Thursday, May 24, 2007

The Ivory-billed Woodpecker persists in North-east Scotland

First, to business...

Wednesday 23rd May
Pre-work birding, mostly boring. The
Sedge Warbler wasn't there at the top of St Ann's track, hope it's OK. Compensated by a Garden Warbler singing from the trees down to the beach - a patch year tick (get 1-2 birds a year).

Offshore, an eclectic 'feeding flock' of 1 Grey Seal (with a fish) 1 adult Northern Gannet, 1 Black-legged Kittiwake and 1 Northern Fulmar.

Thursday 24th May
Still no Sedge Warbler singing at St Ann's... oohhhhh.. but then again most of the others are pretty silent too this morning. I couldn't stop bumping into Roe Deer today - male and female charged past me top speed, then I startled another female as she wandered onto the Beach track in front of me, then I stalked another male for 400 m down the same track. The Garden Warbler was still singing, as from yesterday. Juvenile White-throated Dipper spotted again on the burn.

Offshore, Atlantic Puffins, Common Guillemots and R
azorbills all bathing enthusiastically - you'd think spending your winter out at sea would put you off splashing about for fun, but apparently not.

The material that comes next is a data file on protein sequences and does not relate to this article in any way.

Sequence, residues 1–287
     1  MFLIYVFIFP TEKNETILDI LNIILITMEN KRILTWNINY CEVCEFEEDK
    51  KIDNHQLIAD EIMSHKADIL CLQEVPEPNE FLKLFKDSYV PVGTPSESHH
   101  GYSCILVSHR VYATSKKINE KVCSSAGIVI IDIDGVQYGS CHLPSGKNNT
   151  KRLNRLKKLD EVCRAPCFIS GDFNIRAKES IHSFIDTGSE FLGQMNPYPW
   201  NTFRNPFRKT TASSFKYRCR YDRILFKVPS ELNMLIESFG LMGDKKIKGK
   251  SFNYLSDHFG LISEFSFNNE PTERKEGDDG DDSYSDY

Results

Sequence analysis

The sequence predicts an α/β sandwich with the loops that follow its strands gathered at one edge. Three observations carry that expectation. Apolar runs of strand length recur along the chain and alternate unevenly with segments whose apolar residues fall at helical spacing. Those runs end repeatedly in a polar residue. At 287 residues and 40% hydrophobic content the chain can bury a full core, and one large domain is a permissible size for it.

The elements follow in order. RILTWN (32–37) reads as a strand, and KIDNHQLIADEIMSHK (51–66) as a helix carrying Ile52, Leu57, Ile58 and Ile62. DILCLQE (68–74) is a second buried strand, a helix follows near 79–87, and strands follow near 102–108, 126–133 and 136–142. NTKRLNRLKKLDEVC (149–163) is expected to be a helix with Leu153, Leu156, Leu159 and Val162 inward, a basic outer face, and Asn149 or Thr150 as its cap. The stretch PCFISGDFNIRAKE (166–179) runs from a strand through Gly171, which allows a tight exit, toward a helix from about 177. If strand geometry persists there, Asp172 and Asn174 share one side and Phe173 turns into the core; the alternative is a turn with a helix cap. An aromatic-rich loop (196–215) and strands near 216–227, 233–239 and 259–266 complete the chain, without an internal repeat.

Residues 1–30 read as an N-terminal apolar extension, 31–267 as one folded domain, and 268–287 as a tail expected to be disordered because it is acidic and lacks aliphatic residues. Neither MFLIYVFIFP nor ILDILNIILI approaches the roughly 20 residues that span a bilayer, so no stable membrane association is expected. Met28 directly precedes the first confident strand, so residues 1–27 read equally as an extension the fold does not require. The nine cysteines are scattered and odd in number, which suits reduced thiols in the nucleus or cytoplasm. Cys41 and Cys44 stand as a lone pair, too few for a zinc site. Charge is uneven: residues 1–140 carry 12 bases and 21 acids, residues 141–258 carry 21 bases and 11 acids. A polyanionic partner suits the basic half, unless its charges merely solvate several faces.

Recycling day again in Newtonhill, and once again the folk at no. 63 have spent a fortnight tanking nothing but McEwan's Export. At 57, in contrast, they have subsisted on red wine and Diet Coke. Not together, I hope.

On my way back to the house I had a compelling audio contact with Ivory-billed Woodpecker. Obviously this isn't proof, but I am presenting the evidence as I got it so you can assess it for yourself. The sound file of 2 'kent' calls is presented here.

I made a sonagram (some people say I have too much time o
n my hands, but they're just annoyed cos I've been stalking them the past 6 months). Here it is, on the right, in comparison with the published Florida 'kent' and a bleat of a White-tailed Deer.

The habitat was not typical for Ivory-billed Woodpecker - being a steep-sided valley with only bracken and wild roses for cover, within 10 m of permanent human habitation.

I'll tell you what was making that noise tomorrow. Clue, it wasn't a Pileated Woodpecker, it has wayyy too much white and lacked the rounded wings and deep lazy flight of that species.


John L. Trapp said...

You shouldn't lead us on like this, Martin, have some mercy!

Ford Madox Ford Madox Ford said...

Quite a comparison there between the IBWO and the WTD, apart from the WTD squiggles being shorter, and thinner, and differently shaped. Damned conclusive, I'd say! Good work!